Manila (CNN Philippines Life) — The images we see on mainstream media often denote the typical Filipino woman to have a conservative demeanor similar to Maria Clara in “Noli Me Tangere.” On the other hand, representations of Filipino men are modeled after gun-wielding protagonists in action films. The disparity can be clearly observed in local commercials and hit television series, and any depiction that drifts apart from these archetypes can give people false impressions when it comes to understanding gender.
Looking at real-life implications of such misconceptions, social constructs of gender roles and the traditional division of labor in the household can still be observed in Philippine society until today. Men are expected to earn for the family while women are bound to the roles of housewives.
Women continue to face challenges in the workplace, and a survey among Southeast Asian women reveals that 21% of the Filipino respondents were told that they were "too emotional" for a leadership role. Meanwhile, 59% feel that their career was affected because they chose to have a family.
According to a study by the United Nations Development Program and the International Labor Organization, 30% of the Filipino women respondents reported that they experienced harassment and discrimination in the workplace based on their sexual orientation and gender identities (SOGIE). Even more, a 2018 report revealed that no Philippine-based company involved in the study had policies that protected employees from SOGIE-based discrimination.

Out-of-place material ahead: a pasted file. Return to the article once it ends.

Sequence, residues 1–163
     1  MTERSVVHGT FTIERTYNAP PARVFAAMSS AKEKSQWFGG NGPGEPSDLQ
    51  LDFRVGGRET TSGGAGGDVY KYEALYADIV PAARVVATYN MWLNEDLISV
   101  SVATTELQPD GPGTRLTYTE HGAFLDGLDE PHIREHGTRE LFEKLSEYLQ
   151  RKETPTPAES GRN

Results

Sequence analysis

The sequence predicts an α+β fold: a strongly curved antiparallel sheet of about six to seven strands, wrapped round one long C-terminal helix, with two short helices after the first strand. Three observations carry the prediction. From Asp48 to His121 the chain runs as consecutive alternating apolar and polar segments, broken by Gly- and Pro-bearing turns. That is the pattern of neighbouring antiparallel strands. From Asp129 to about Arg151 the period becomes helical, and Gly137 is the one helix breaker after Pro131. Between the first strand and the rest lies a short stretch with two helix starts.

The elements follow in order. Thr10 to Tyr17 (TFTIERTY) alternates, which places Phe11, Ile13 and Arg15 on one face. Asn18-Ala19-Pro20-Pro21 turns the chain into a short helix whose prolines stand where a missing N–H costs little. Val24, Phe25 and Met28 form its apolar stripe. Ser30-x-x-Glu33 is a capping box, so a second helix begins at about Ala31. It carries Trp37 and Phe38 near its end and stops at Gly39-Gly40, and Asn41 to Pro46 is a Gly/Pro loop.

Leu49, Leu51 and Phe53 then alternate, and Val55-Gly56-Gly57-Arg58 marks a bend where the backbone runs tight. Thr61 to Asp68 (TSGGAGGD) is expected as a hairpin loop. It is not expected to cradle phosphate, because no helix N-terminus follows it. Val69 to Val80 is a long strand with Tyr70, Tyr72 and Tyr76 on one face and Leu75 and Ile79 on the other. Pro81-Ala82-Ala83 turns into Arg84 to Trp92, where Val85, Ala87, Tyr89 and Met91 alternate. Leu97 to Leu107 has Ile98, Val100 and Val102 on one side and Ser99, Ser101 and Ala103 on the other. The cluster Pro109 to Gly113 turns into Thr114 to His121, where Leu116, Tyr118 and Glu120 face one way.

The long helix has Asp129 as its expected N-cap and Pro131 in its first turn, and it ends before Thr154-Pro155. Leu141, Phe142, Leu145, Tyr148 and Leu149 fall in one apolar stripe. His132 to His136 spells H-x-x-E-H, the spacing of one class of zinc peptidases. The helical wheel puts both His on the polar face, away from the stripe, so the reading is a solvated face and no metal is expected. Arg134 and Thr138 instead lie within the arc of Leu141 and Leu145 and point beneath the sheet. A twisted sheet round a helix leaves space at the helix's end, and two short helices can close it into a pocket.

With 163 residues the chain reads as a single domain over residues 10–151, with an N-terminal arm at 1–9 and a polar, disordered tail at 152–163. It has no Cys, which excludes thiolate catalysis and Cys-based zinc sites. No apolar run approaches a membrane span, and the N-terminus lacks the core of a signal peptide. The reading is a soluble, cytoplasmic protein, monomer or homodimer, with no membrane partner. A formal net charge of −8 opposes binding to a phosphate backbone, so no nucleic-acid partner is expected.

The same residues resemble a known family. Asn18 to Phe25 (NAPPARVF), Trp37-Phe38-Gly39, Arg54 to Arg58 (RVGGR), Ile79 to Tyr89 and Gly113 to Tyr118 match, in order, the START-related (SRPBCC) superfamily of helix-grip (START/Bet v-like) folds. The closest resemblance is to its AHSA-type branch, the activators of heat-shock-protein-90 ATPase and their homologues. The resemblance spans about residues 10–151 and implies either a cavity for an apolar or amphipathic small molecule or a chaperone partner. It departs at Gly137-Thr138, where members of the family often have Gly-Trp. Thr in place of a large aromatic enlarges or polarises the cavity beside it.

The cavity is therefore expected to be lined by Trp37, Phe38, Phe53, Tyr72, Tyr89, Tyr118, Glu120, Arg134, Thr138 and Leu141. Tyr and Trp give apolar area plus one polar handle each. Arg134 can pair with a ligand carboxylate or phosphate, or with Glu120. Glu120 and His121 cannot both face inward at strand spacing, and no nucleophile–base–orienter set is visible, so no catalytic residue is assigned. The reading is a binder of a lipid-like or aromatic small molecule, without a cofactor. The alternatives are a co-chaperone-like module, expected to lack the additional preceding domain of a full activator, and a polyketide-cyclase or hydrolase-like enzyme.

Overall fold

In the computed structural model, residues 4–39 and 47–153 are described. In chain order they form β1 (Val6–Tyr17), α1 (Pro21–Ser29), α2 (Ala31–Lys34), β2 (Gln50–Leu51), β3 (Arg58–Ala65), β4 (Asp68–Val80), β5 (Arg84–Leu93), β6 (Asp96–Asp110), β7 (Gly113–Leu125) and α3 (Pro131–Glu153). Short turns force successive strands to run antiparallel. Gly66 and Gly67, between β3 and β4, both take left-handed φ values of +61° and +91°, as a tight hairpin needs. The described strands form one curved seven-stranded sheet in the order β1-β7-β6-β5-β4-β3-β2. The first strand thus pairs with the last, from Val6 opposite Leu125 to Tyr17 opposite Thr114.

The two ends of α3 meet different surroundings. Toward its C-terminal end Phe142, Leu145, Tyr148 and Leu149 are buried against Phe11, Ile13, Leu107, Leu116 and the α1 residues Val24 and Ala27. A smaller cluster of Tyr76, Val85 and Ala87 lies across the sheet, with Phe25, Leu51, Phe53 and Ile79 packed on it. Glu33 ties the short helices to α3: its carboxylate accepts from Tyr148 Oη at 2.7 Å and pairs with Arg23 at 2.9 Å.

These alarming statistics show the need for women's and gender studies in the country as people still lack understanding of these areas due to long-standing biases and discriminatory beliefs. It is necessary to look at development in the context of gender, and only then will the Philippine society address the conditions that perpetuate gender inequalities and misrepresentation.
Far from an easy subject, the area of study brings light to a deeper understanding of gender equality and serves as a necessary part of development. The goal of the discipline is to assess the present conditions of men and women in society, and provide the framework to change the present realities.
The advent of women’s studies amid political unrest
Martial law motivated the formation of several human rights organizations. “Although these discussions initially focused on class issues, they later expanded to include ethnic and gender inequalities,” as stated in a UNESCO 2004 report on Philippine women’s studies.
By the time that the dictatorial rule has ended, many women’s organizations have also been established. Among these were Kilusang Kababaihang Pilipina (PILIPINA) and Katipunan ng Kalayaan para sa Kababaihan (KALAYAAN), which were founded in 1981 and 1983 respectively.